Dalvin Cook arrived for work on Tuesday, the day reports were scheduled for the Vikings training camp in Minnesota. No, the return does not yet have the new contract extension it wants. And no, despite the threat he allegedly made in June, there was never a chance that he would survive the camp one way or another.
The traditional training of a player entering the last year of his contract is not something you can expect this year, and it has nothing to do with the coronavirus pandemic. The reason for the delayed camps is mostly in the past. They are mentioned in the new agreement on collective bargaining of the league, which was approved by the owners and players in March. The exact text in Article 8 (1) 1 letter B):
A player will not receive the accumulated season for any league year in which the player has a contract with the club and in which i) the club’s mandatory training camp has not been reported on the day of the player’s mandatory registration; or (ii) the player has not subsequently performed his contractual services for the club for a significant period of time, unless he demonstrates to an impartial referee extreme personal difficulties which cause such failure to report or perform, such as serious illness or death in the family. .
In the last round of CBA talks, this was a priority for owners. They wanted to tighten fines for delaying training camps, and they did. The previous CBA stipulated that players can lose an accumulated season only if they did not register for the camp within 30 days before the team’s first regular season. So in Cook’s case, that would be August 14. According to the new CBA, it was Tuesday.
Why does it matter? The loss of the accumulated season affects the state of the player’s free agency. As a pre-selection in 2017, Cook has won three seasons so far and needs four to be eligible for an unlimited free agency. If he did not win the accumulated season by 2020, then he should be a limited free agent in March next year, which means that the Vikings would have the right to compare any offer he received from another team.
Now, even though the report date was mandatory later under the old rules, that didn’t stop everyone. For example, last year’s Cowboys returning, Ezekiel Elliott, did well behind the brand 30 days before the season, when he headed for his fourth year, which means that if he hits a leisure agency last March, he should have been a limited free agent. instead of an unrestricted agent. Elliott didn’t care when he found out what successes he had made during the first three seasons – that is, leading the league in a hurry in a hurry twice and in a hurry in a game of the second year – would prevent a free agency from being curtailed by market restrictions. In the end, it didn’t matter, because just before the season, he signed an extension with Cowboys.
But a player like Cook, even if he’s so big, can’t assume what Elliott could have done. Cook missed 19 games due to injury during his three-year NFL career, and even if he had to put together an excellent and healthy season, there was no way to make sure the team was willing to offer him Vikings. and the part with the selection of the second round of thrust.
So there’s Cook, because Joe Mixon will almost certainly be in Cincinnati and Alvin Kamara in New Orleans and George Kittle in San Francisco, and everyone else who goes into the last years of their contracts and wants new ones will be in the cities where their teams play. Staying a few days in camp brings a harsher punishment than you have ever been used to, and it doesn’t make sense unless you’re a stellar quarterback or someone who may feel convinced that a limited service agency won’t, well, limit you.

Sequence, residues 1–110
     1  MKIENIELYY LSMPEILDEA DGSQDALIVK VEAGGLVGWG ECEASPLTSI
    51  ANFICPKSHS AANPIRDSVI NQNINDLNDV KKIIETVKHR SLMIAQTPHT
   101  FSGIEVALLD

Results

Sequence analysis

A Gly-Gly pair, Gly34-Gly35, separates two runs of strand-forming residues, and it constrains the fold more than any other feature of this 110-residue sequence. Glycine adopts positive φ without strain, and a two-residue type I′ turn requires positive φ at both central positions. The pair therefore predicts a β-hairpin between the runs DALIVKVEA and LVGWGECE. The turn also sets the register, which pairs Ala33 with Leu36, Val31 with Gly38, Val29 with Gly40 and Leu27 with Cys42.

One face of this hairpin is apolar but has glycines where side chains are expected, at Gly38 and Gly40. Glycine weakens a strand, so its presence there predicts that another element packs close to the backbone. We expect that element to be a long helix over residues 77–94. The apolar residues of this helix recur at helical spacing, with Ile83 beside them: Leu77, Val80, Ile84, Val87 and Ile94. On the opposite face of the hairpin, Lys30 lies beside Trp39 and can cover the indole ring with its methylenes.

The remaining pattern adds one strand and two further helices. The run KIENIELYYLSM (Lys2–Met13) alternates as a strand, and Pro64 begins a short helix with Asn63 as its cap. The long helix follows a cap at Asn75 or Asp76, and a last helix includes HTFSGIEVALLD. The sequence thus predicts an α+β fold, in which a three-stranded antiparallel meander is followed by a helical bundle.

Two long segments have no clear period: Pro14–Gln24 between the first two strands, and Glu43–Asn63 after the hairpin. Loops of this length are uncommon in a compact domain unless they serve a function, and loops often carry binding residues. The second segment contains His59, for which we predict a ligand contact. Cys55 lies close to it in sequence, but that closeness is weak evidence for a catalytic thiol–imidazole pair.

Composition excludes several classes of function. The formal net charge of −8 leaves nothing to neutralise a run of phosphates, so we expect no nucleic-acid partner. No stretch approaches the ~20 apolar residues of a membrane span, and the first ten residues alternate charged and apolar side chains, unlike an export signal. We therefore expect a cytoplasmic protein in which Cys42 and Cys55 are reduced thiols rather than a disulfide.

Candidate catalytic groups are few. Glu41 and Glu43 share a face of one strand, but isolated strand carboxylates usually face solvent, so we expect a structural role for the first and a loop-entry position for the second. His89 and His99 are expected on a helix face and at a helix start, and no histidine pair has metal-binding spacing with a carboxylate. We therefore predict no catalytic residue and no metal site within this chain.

Three more information about this new CBA feature:
Do not expect any “suspensions”. Some are in the league who believe that a player in Cook’s situation would show up for the camp and just refuse to train until a new deal is struck. It is possible, but go back and read Article 8 (2) again. 1 letter B) and note where it says: “the player subsequently did not perform his contractual services for the club for a significant period of time. ‘ ” This is the part that would allow a team to anchor a player in an accumulated season if he showed up and refused to train or participate in mandatory team activities. Can a player claim an injury in Cook’s situation? Of course. However, if the team did not trust him or diagnose him as injured, the case could end up in front of an referee, who could rule in favor of the team and deny the player the accumulated season.
The fines are tougher, but not for Cook, Mixon, Kamara or Kittle. The new CBA has increased the maximum fine for skipping training camp from $ 40,000 to $ 50,000 per day, but fines for players who are still in contract with newcomers are limited to $ 40,000 per day unless they are in the fifth year. season. Each player who was nominated in 2017 enters the fourth year of their rookie agreement, so their fines will remain at $ 40,000 per day if they skip days. Not that it’s very important, because the threat of losing the accumulated season is likely to act as a more significant deterrent.
Fines cannot be waived. It used to be that if a player fired and finally agreed to a new deal with the team, he used to order the team to waive the fines. But due to the owners’ desire to discourage detention in the camps, there is a provision in the new CBA that forbids it. Article 42, section 1, deals with fines for camps, “For the avoidance of any doubt, any such penalties shall be mandatory and shall not be reduced or waived by the clubs, in whole or in part, but shall be paid by the player or deducted by the club as set out in section 5. (b) of this Article. . ‘ “ [Časť 5 písm. B) určuje spôsob, akým sa vyberajú pokuty.]